Portobello Bolognese Pasta

February 26, 2018
2 Ratings
Photo by Rocky Luten
  • Serves 6 to 8
Author Notes

From Anya Kassoff’s Simply Vibrant cookbook: "It’s hard to imagine a better ingredient than portobello mushrooms for making an inspired, plant-based version of Bolognese. Portobellos, big-capped and plump, have it all in terms of meatiness and earthy savoriness. To achieve more of that full-bodied flavor usually associated with the hearty pasta dish, this recipe utilizes balsamic-soaked prunes, which add a dark, rich dimension."

Featured in: The Secret Ingredient for a Next-Level Vegetarian Bolognese.

Reprinted from Simply Vibrant by Anya Kassoff © 2018 by Anya Kassoff. Photographs © 2018 by Masha Davydova. Reprinted in arrangement with Roost Books, an imprint of Shambhala Publications, Inc. —Anya Kassoff

What You'll Need
  • 5 tablespoons balsamic vinegar
  • 5 large prunes, chopped
  • 2 tablespoons neutral coconut oil or olive oil
  • 1 large yellow onion, chopped
  • 2 medium-sized carrots, peeled and diced
  • Sea salt, to taste
  • 1 1/2 pounds (680g) portobello mushrooms, stemmed and cut into bite-size cubes
  • 5 garlic cloves, sliced
  • 1 small chili, seeded and finely chopped
  • Leaves form 3 to 4 fresh thyme sprigs
  • 2 tablespoons minced fresh rosemary
  • Freshly ground black pepper, to taste
  • 1/2 cup freshly squeezed lemon juice
  • 1 tablespoon tomato paste
  • 2 tablespoons tamari
  • one 14 oz (397 g) can or box of diced tomatoes
  • one 14 oz (397 g) package whole wheat (or other whole grain) spaghetti
  • Handful of fresh parsley leaves, minced
  • Handful of fresh basil leaves, torn (optional)
  • Grated Parmesan, for garnish (optional)
  1. Pour balsamic vinegar the over prunes in a small bowl and set them aside to soak.
  2. Warm the oil in a large sauté pan over medium heat. Add the onion and carrots, season with salt to taste, and sauté for 10 minutes, until the onion is translucent and slightly golden.
  3. Add the mushrooms to the onions and sauté until all their juices evaporate, 8 to 10 minutes. Add the garlic, chili, thyme, rosemary, and black pepper to taste, and cook for 2 to 3 more minutes.
  4. Increase the heat to medium high. Add the balsamic vinegar from the bowl with the prunes, along with the lemon juice, tomato paste, and tamari; toss to combine. Add the prunes to the pan. Cook a few more minutes, stirring often, until the liquid is almost completely evaporated.
  5. Add the tomatoes to the pan and reduce the heat to a slow simmer. Cover and cook for 30 to 40 minutes, stirring occasionally, until thickened. Taste for salt and pepper and adjust if necessary. Remove the pan from the heat.
  6. While the sauce is cooking, bring a large pot of well-salted water to a boil. Add the spaghetti and cook it to al dente according to the directions on the package. Drain the pastas, reserving ¼ cup of the cooking water.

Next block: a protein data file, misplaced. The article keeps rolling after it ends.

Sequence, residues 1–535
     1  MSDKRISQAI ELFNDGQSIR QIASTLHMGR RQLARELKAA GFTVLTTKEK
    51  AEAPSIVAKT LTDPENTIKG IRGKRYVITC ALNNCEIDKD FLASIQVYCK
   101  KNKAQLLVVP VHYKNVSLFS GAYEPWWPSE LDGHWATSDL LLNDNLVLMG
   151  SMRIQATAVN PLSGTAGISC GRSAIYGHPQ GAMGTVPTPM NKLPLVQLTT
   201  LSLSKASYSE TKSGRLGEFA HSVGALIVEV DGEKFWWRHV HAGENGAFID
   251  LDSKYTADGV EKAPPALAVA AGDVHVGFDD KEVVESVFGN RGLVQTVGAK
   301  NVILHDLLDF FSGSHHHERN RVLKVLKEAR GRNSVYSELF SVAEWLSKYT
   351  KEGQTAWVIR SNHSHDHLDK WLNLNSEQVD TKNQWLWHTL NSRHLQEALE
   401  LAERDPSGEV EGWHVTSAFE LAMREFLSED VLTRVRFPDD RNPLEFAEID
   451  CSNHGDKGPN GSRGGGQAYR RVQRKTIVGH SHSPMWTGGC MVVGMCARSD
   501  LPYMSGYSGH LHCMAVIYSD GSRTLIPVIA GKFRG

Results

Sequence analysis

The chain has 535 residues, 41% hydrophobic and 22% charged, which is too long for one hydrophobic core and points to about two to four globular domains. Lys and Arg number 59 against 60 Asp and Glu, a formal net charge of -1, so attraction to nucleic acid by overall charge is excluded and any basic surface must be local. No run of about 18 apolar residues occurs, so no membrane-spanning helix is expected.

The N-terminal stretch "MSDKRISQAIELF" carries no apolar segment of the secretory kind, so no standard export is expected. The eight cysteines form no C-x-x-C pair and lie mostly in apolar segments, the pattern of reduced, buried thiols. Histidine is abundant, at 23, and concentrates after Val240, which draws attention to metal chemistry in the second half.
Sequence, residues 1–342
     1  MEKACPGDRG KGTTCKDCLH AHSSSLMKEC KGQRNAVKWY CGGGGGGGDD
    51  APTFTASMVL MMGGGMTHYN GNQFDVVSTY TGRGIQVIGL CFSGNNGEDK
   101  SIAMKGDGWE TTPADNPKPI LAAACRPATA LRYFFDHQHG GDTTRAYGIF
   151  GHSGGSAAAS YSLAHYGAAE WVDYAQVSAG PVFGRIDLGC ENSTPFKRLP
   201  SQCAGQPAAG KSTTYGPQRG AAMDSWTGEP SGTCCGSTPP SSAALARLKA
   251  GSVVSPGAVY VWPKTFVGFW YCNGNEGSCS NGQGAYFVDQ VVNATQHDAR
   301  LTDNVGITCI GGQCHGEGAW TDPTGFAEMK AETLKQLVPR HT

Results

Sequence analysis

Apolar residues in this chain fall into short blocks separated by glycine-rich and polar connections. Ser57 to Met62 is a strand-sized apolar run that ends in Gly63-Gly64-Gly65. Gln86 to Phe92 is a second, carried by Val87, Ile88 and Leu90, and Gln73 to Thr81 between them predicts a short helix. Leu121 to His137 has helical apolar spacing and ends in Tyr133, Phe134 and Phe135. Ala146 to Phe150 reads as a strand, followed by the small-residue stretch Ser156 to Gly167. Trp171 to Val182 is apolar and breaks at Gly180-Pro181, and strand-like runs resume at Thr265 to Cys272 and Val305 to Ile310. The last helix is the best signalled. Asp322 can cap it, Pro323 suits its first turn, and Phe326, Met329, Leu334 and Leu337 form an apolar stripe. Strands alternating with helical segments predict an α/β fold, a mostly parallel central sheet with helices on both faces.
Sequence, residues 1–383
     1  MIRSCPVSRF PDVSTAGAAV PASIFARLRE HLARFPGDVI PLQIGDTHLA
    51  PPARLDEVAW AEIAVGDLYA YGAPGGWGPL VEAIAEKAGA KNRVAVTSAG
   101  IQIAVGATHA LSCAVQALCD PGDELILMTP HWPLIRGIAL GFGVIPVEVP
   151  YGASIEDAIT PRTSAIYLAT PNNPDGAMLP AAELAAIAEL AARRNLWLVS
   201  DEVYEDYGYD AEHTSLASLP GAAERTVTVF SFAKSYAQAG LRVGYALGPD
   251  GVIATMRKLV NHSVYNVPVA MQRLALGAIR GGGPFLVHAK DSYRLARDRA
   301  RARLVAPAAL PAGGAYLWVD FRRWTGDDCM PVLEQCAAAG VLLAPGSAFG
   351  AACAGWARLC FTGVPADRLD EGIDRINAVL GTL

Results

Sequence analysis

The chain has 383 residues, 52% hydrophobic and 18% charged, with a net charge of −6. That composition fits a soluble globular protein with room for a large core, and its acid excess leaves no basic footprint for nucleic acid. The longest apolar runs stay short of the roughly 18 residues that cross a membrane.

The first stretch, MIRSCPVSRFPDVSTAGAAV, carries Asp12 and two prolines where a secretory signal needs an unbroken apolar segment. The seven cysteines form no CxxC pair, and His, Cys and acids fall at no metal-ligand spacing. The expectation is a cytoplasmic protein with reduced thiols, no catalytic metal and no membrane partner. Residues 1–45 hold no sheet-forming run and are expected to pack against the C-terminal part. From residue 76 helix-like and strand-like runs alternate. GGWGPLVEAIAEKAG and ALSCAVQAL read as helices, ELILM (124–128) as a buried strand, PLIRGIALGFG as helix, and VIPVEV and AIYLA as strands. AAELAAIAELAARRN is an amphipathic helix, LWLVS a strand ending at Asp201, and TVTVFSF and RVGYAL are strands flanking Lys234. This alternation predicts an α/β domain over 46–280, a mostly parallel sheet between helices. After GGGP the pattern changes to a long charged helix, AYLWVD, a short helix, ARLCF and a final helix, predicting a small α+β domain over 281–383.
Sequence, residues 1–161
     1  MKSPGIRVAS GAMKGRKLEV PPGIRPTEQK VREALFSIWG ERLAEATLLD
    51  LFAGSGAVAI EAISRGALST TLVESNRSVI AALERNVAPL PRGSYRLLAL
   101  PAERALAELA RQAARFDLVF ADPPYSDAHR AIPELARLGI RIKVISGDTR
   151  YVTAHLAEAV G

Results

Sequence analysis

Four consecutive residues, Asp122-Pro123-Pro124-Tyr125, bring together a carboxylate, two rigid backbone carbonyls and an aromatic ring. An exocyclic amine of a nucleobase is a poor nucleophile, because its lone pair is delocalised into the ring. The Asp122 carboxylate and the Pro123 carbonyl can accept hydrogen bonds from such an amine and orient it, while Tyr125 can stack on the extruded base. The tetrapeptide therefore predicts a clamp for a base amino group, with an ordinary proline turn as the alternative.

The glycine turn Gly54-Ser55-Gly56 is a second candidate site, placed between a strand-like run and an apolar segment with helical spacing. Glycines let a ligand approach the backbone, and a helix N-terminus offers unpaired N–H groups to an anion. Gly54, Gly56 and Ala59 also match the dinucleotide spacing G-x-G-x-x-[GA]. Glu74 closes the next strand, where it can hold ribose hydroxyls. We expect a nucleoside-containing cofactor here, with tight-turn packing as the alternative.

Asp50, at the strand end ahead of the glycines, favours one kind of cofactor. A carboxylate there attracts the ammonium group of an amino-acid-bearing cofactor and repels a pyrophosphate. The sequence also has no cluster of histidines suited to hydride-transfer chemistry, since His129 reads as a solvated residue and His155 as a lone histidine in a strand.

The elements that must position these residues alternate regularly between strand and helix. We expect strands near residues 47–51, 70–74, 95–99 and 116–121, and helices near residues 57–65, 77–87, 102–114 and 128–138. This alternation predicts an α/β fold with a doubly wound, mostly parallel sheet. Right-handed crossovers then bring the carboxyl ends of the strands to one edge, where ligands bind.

7. Return the pasta to the pot, add the mushroom Bolognese and reserved pasta cooking water, and toss to combine. Divide the pasta among individual bowls and serve immediately, garnished with herbs and grated Parmesan, if using.

See what other Food52ers are saying.

  • Karen Burns
    Karen Burns
  • MelMM
  • laurenbensky
  • Flexitarian

6 Reviews

MelMM October 10, 2021
This is not just the worst Bolognese I've ever made, but quite possibly the worst thing I've ever made, period. The flavors in this recipe are sooo far off from a traditional Bolognese, that I can't see why anyone would call it that. Everything is overwhelmed by the acidity of the balsamic vinegar (I used a good aged one) and the lemon juice. Prunes add some sweetness, but Bolognese isn't supposed to be sweet. Or sour. I'm vegan, so I can assure you the lack of meat was not the problem for me. There are all sorts of great vegan Bolognese recipes out there. I like the one in The Millennium Cookbook, which uses tempeh, and even though that cookbook came out in 1998, the recipe withstands the test of time. The one in Smith & Deli-cious, which uses vegan "beef" crumbles, is also great. There are also decent mushroom-based recipes out there, and I always like to include at least a bit of porcini powder for umami and that meaty taste. But these days, with Impossible and Beyond on the market, you can quite literally just make your grandmother's recipe, or a meat-based cookbook recipe, substituting one of the new plant-based meats.
laurenbensky April 13, 2020
Made this for dinner tonight and it was delicious. I am a vegetarian, so I have never had a (meat) bolognese sauce before, but highly recommend this version for its depth of flavor and richness. Thank you!
Flexitarian March 17, 2020
Could I substitute dates for the prunes? Thanks
liliana October 24, 2018
Unusual and interesting, but I am not convinced.
It lacks prortein.
Adding cubed tofu or chicken thighs?
ACP July 21, 2018
This was fantastic: rich and earthy. My whole family suggested less vinegar though.
Karen B. February 28, 2018
sounds rich and delicious!